Robert Swift, of API Capital and the TAMIM Asia Small Companies strategy, tackles confirmation bias in an examination of the China-USA trade war situation.
One of the most dangerous mindsets a portfolio manager can have is that of confirmation bias. This is the human tendency to take a position and then only seek reinforcing and not contrary evidence. This is dangerous because the chances of being wrong in portfolio management are high and it is the ability and willingness to change your mind that prevents you from the mistake becoming large, and preventing the deployment of the capital to a better, winning, position.
Consequently we spend a fair bit of time trying to listen to opposing views and we therefore re-print below, an article from one of our more cynical contacts regarding China and the USA. Stewart Paterson (whom we cited recently and is the author of a book on China’s entry into the WTO) is effectively arguing that this trade war is not temporary but marks the start of a new ‘cold war’ and that investors had better be prepared for the consequences. Since we are constructive on Asia we thought we should take this contrary view point seriously.
Has The New Cold War Started? Foreign Investors in China Take Note and Get Out.
Sat, 6 Oct 2018 00:53
Anyone with investments in China (and for that matter anywhere else) should listen to Vice-President Pence's speech to the Hudson Institute. He was not reading from "China, Trade and Power" (available here) but he may as well have been. The speech, I think, will be seen in the future as marking the end of the era of indulgent engagement with China and the start of a new cold war. Investors in China run the risk of being pawns in the renewed struggle between democracy and authoritarianism. Elsewhere, the process of disentangling China from the global supply-chain will present opportunities but the age of deflationary pressure being met with inflation targeting, easy monetary policy, that has been so beneficial to the owners of financial and real assets may well be at an end. The full speech is available here.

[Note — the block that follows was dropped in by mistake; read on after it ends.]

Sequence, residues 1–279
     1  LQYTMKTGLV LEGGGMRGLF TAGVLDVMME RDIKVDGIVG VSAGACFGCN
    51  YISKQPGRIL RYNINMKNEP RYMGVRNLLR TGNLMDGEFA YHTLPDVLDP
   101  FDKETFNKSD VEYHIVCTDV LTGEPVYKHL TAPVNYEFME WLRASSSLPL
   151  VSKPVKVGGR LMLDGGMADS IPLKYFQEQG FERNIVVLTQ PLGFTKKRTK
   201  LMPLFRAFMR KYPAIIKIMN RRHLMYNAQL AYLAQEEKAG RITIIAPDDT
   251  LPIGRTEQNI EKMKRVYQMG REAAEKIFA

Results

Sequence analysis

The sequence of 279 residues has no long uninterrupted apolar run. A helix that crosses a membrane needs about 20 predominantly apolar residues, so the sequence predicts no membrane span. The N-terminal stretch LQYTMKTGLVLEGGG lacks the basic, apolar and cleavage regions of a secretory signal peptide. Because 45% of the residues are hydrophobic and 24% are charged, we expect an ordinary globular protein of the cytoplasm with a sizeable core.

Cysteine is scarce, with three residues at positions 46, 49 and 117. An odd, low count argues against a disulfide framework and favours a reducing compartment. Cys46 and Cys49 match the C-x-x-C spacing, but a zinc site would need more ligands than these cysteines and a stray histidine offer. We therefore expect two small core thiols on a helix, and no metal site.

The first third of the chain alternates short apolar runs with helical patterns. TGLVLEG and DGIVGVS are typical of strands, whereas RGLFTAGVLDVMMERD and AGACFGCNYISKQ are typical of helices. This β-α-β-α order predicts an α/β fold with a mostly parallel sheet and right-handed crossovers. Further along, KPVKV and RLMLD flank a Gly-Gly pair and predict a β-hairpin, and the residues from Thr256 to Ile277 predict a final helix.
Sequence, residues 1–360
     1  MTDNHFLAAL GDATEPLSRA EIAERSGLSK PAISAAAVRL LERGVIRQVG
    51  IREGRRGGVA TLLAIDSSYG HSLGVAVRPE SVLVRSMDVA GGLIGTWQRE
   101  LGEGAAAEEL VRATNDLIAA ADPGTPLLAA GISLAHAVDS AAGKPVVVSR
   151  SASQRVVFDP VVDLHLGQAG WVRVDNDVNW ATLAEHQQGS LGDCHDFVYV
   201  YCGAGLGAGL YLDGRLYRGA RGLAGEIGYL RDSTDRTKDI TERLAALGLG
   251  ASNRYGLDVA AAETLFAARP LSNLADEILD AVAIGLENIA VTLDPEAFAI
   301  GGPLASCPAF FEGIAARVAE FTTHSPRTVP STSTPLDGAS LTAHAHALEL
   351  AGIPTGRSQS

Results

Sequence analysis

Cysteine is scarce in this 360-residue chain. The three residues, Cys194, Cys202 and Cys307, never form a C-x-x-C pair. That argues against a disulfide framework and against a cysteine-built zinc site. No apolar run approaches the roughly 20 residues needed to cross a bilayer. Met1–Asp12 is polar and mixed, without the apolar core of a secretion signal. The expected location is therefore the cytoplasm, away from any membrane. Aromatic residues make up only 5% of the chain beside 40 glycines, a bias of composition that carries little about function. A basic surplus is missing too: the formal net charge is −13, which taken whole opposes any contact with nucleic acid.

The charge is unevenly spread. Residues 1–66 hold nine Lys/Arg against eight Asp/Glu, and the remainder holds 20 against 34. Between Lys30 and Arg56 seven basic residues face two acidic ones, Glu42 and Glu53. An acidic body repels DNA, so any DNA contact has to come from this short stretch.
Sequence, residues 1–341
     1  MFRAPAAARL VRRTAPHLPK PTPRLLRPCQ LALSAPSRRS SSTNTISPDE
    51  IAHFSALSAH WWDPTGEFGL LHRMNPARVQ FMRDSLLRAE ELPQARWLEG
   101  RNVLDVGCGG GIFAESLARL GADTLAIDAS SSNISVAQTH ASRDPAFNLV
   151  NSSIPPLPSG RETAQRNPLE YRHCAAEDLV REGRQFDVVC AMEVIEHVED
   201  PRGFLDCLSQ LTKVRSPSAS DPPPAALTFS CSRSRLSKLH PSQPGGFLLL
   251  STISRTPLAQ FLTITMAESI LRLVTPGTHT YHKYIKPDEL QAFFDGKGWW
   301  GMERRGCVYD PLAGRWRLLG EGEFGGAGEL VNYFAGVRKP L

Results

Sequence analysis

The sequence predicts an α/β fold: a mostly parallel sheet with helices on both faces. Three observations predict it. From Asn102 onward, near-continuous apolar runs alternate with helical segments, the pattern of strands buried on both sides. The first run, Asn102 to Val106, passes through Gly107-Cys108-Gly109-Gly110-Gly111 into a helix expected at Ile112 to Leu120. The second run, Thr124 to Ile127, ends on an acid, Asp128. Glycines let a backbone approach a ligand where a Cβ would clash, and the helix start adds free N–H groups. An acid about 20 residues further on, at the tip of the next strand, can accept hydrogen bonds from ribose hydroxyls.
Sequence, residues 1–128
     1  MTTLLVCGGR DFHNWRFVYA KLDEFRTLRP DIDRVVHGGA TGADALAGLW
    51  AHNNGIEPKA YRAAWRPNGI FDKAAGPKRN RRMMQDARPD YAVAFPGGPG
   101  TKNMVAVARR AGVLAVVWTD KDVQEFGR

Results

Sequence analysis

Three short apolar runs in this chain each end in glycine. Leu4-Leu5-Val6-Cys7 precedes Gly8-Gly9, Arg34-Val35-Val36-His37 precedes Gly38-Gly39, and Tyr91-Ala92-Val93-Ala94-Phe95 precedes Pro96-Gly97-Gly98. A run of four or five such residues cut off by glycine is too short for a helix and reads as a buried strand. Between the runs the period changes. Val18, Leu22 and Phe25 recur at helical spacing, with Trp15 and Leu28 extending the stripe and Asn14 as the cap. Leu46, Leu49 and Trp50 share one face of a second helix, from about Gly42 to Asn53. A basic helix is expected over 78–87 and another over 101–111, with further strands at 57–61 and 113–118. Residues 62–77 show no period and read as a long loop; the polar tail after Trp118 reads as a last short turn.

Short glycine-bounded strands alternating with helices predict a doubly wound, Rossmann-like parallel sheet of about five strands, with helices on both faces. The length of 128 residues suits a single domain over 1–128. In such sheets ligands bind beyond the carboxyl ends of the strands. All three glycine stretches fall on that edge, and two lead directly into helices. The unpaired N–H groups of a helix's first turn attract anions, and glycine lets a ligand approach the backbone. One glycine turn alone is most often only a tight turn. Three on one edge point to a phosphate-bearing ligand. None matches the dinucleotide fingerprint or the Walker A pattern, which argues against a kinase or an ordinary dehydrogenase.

The age of financial and real asset price inflation that has defined the careers of most existing current market participants may well be at an end. The era was defined in many ways by two policies that were clearly outlined in two speeches. President Clinton, speaking at the John Hopkins university in 2001, laid out the objectives of economic engagement with China. Many of the consequences were unforeseen at the time, but the deflationary pressure that trade with China created led in turn to the Ben Bernanke speech at the National Economists Club in 2002, in which he spelled out the Fed's determination to meet the deflationary pressure with whatever monetary tools it took to create inflation.
Vice-President Pence's speech at the Hudson Institute spells out that the policy of economic engagement with China has failed. The "trade spat" as some observers like to call it, will unlikely be ephemeral. Geopolitical necessity and domestic political considerations (that have been shaped by the unbalanced impact of globalization) now determine that the US and its allies adopt a more confrontational approach to relations with China.
International investment always carries risks but investors have largely forgotten about jurisdictional risk. When you buy the right to a cash-flow stream in another country, you are dependent on that country's legal system enforcing your rights. How confident can a foreign investor in China be that it remains in the Communist Party of China's interests to enforce your legal rights?
There is much to ponder here. This escalation of rhetoric (deliberately?) comes at a difficult time for investors and not just in Asia. Interest rates appear to be finally on the way up; the European political scene is fractious and the absence of any solution to unified fiscal policy is causing bond yields to widen within the Eurozone, thereby threatening the Euro; Chinese bad debts are being recognised and realised; and valuations for bonds, equities and private equities are high. Just when we need adults in the room to discuss how to rebalance the global economy between creditors, debtors, haves and have nots, and to have fiscal policies to raise productivity, we have to deal with the spectre of a repeat of the Smoot Hawley tariffs which are acknowledged as worsening the 1930s depression and allowing all that followed.